BY BRIAN BYRNE
WE’RE living in an age where truth has become blurred, says the Ford Motor Company. No, they’re not talking about how a salesman describes their own products, but a wider trend which has developed over the last five years.
The 2017 ‘Looking Further with Ford’ trend report, five years on from the first one of its kind, looks at how life is developing on a global basis under a number of headings, which include changing attitudes to how we spend our time, how we make decisions in a world of much-increased choice, where the ongoing spiral of technological development is taking us, parenting, and community ties.
Under the direction of Ford’s resident ‘futurologist’ Sheryl Connelly, the report also revisits some of the broader headings from the first publication, on public trust, the changing role of women, sustainability, and the pursuit of the ‘good life’.
On the section ‘Trust is the New Black’, the report looks the ‘rampant’ rise of ‘fake news’ sites. It’s disputable just what proportion of media consumers are taken in by such sites, but there’s still a large appetite for truth, evidenced by the five-fold increase in accessing the Washington Post’s fact-checking blog during the recent US Presidential Election compared to the previous one.
On gender and opportunity issues, nearly eight in ten people surveyed feel there are more opportunities for women today, but a similar proportion say women and men are still not viewed as equals. On the same topic, though, seven out of ten believe the roles of men and women ‘are becoming blurred’.
The matter of sustainability in the latest report shows that a world ‘water crisis’ continues to grow as presenting the most devastating risk to society. Individual response to the situation shows that 81pc of people in India have ‘changed my behaviour’ as a direct response to concerns about water, while in the UK it was just 35pc. This is against the background of 1.8bn people — a quarter of the world’s population — who don’t have access to safe water.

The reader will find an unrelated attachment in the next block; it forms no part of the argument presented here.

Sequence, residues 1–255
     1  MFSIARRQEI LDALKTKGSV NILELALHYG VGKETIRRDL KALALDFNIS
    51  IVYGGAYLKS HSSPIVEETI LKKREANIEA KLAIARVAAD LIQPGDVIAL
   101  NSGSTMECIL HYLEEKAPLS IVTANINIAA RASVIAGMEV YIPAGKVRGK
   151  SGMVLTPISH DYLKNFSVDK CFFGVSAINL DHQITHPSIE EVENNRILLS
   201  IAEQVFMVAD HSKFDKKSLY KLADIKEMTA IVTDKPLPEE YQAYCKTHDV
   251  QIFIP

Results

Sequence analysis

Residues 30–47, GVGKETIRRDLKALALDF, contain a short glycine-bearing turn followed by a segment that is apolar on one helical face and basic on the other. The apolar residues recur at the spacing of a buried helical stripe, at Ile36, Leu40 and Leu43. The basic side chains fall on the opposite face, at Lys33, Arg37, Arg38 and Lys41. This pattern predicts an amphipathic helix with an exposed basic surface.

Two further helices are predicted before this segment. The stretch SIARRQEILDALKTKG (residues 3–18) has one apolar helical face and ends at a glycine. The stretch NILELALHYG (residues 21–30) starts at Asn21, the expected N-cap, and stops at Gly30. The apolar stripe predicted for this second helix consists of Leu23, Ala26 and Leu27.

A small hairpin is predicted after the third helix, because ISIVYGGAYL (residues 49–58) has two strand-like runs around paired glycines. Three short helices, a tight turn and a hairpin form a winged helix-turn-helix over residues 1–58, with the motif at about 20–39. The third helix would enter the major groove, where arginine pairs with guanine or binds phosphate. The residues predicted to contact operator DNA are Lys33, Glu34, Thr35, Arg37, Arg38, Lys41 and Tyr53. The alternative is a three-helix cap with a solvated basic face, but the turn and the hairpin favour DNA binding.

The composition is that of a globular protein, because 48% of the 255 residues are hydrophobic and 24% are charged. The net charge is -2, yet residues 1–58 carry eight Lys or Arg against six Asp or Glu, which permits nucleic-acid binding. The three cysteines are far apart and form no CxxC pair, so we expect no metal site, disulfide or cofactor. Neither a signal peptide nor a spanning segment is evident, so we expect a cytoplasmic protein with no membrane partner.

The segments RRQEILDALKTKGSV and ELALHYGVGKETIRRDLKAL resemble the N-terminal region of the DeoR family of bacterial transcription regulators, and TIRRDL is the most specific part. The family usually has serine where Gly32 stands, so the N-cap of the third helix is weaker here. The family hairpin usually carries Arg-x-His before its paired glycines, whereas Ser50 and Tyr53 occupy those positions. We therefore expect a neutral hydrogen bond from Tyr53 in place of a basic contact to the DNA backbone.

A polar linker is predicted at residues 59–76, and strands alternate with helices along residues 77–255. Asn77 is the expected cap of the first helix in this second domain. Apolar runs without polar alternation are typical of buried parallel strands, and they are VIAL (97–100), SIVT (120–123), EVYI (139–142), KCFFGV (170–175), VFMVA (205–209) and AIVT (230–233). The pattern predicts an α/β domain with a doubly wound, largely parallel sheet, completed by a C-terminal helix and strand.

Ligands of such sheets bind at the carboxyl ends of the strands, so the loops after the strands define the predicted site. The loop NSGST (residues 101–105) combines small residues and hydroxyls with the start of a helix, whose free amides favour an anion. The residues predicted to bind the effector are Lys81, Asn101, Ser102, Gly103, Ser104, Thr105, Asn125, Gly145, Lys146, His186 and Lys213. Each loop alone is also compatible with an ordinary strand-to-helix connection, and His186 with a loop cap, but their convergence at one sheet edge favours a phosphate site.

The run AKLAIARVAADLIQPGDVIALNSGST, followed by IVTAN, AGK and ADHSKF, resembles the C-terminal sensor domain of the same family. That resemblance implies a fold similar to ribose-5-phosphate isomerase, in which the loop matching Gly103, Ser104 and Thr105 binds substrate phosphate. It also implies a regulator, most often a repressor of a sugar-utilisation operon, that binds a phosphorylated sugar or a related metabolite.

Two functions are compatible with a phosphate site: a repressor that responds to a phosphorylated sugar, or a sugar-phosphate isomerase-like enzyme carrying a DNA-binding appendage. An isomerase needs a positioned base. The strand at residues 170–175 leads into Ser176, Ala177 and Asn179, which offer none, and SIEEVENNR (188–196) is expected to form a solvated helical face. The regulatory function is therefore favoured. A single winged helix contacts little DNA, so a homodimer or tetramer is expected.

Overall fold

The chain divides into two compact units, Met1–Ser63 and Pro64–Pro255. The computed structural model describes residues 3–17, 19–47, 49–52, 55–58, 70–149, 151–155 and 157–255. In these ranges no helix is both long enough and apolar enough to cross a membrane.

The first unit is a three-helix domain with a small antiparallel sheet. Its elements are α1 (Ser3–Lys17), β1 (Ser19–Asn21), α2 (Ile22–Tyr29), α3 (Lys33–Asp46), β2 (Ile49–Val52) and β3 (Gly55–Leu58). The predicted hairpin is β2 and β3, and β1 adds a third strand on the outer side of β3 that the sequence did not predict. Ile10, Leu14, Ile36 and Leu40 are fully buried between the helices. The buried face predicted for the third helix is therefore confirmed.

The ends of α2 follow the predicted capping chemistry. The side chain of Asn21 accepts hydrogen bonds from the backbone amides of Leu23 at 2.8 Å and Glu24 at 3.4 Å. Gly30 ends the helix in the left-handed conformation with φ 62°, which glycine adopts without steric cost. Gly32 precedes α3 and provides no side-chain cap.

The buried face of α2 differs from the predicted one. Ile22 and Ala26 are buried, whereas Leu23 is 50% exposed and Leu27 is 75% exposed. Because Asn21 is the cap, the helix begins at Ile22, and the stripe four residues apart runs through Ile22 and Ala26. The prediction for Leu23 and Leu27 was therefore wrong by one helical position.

A shift in attitude to wealth shows an increasing percentage of people — 78pc in Germany, for instance — responding that ‘prosperity today is more about happiness than wealth’. And eight out of ten people across the demographic spectrum are ‘annoyed by people who are showy with their money’. Attitudes to time have shifted too. For instance, punctuality ‘is a dying art’, and procrastination is increasing. However, that last is now looked on as a strength rather than a failing, providing time for reflecting on a problem or task rather than trying to get it done in the shortest time.
A few quirky things came out of the survey. For instance, in a list of six things to be considered a ‘productive use of time’, sleeping came out on top with 57pc of global respondents picking it. Next was surfing the internet (54pc), from reading fiction (43pc), watching TV (36pc), with social media garnering a mere 24pc and daydreaming getting a 19pc score. And, if you thought everybody was glued to Facebook and its ilk, it actually seems just 50 minutes of every 16-hour waking day is spent by users of social media.
The explosion in choice of goods and services to buy enabled by the internet is ‘more than I need or want’ by almost every respondent in China, while at the other end of the buyer spectrum, just 57pc of US respondents feel that way. But when they have made their choices, six out of ten buyers between 18-29 feel they should have looked further for a better deal.
Technology has resulted in the ‘quest to find something better being never ending’ by 74pc of respondents in Germany and 95pc in China, each representing two ends of the responses. And two-thirds of all respondents said they knew somebody who had ended a relationship by a curt text message. Nearly half of adults surveyed said they believed technology is ‘making us dumber’ and more than six out of ten said it is ‘making us less polite.’
In China, more than eight in ten parents think that ‘the influence of technology on children’s development is more positive than negative,’ while in the US that falls to a gloomy 46pc.
There’s a lot more in the report. But why should an automobile manufacturing company like Ford bother to spend a significant amount of money each year on analysing and forecasting wider trends? Partly because, as they found with the infamous Edsel car back in the 1950s, if they don’t know what’s going on in the consumer’s mind, they’re in danger of making very expensive mistakes. But there’s a wider agenda too.
‘With greater choice comes greater accountability, as we call on our fellow citizens and institutions to choose actions and behaviours that benefit not just themselves, but also society at large,’ says Sheryl Connelly.
‘This is prompting a renewed focus on community — where common good creates a common bond. We invite you to rethink life as you know it — and reflect on how these changes will impact the world at your fingertips and beyond.’
Basically, this is Ford food for thought … for all of us.